Diving Sea of Cortez Blennies

The biodiversity of the Sea of Cortez is incredible. We can find over the year from blue whales (the biggest animal ever existed on earth) to the smallest ocean creatures as plankton and krill. 

However on the reef we can find many different species of fish some swimming in the water column and others using the rocks as a place to live and protect themselves from bigger predators. There’s one group of fish in particular which because of their small size and ability to change colors and markings to blend with the surroundings, often go unnoticed by divers. Several species live in holes and are typically seen with only their heads exposed. Occasionally, they dart out from their shelters to grab some food (they are extremely fast).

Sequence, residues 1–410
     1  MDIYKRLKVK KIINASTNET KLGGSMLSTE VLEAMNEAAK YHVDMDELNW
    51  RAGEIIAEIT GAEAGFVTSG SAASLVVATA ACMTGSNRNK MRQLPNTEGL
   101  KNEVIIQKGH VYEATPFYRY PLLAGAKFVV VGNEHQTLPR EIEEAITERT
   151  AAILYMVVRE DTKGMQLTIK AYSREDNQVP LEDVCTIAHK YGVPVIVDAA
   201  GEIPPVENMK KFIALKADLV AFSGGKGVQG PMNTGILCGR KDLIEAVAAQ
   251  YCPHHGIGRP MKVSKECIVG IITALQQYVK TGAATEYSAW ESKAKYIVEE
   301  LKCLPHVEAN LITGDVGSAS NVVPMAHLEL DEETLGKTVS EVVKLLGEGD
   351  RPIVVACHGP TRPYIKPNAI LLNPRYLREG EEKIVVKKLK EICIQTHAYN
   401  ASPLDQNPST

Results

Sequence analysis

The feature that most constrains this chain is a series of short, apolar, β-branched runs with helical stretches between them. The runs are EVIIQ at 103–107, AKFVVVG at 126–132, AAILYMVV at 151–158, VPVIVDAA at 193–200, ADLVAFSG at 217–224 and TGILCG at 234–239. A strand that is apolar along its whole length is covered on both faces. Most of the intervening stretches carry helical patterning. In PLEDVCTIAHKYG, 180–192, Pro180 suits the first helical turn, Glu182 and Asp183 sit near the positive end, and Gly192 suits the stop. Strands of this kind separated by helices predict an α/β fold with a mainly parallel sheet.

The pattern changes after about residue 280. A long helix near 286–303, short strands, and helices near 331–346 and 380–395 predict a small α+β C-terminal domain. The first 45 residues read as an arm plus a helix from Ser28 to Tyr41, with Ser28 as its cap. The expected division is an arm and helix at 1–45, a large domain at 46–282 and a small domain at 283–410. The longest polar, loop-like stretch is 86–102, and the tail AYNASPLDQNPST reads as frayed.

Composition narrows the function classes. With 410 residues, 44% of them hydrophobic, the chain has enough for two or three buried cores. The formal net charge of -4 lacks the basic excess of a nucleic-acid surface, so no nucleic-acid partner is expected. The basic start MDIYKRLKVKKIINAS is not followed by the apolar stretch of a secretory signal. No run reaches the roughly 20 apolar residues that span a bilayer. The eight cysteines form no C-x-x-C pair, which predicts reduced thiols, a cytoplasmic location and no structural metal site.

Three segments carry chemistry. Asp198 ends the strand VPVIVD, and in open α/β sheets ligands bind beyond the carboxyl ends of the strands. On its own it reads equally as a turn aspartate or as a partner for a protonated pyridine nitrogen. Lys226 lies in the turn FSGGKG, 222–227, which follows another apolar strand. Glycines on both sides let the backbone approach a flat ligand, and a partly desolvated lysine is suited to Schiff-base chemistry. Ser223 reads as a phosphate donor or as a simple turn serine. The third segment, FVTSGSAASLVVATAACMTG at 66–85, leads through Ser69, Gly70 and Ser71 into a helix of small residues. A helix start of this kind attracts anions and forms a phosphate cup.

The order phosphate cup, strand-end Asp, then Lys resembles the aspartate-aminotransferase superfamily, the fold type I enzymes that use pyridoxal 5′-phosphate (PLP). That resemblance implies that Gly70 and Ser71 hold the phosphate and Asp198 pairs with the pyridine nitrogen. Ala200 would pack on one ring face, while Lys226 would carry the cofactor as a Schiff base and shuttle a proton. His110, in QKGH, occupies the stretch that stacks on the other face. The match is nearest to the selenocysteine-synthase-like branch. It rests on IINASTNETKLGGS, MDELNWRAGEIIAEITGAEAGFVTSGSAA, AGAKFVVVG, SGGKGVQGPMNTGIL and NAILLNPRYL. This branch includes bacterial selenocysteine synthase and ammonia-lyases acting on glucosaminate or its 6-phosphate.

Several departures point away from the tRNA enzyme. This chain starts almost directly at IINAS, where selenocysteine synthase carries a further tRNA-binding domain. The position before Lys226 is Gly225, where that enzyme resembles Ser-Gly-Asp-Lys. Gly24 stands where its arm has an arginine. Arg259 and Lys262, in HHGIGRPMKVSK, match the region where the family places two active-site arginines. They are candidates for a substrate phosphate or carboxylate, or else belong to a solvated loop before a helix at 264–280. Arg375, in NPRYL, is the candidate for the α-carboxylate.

Most of blennies are small (no bigger than 3 inches) and have long, thin ventral fins. Many of them are very similar in appearance between species. Males and females are very different in appearance within the same species which makes it even more interesting to identify. 

I’m a fan of blennies and they get my total attention and fascination while diving. I eager divers to be patience and look carefully in the rocks, because once you see the first blenny your eyes open to a new dimension and an apparently “empty” rock turns into a festival of life and colors in the reef.

Clubhead barnacle blenny
Gulf signal Blenny Nuptial Male
Clubhead barnacle blenny
  • DiveMaster Juan David. Onboard the Nautilus Explorer. Photos: Juan David. 

By Nautilus Crew

Recent blogs and dive reports from the crew onboard the Nautilus Liveaboard's vessels.

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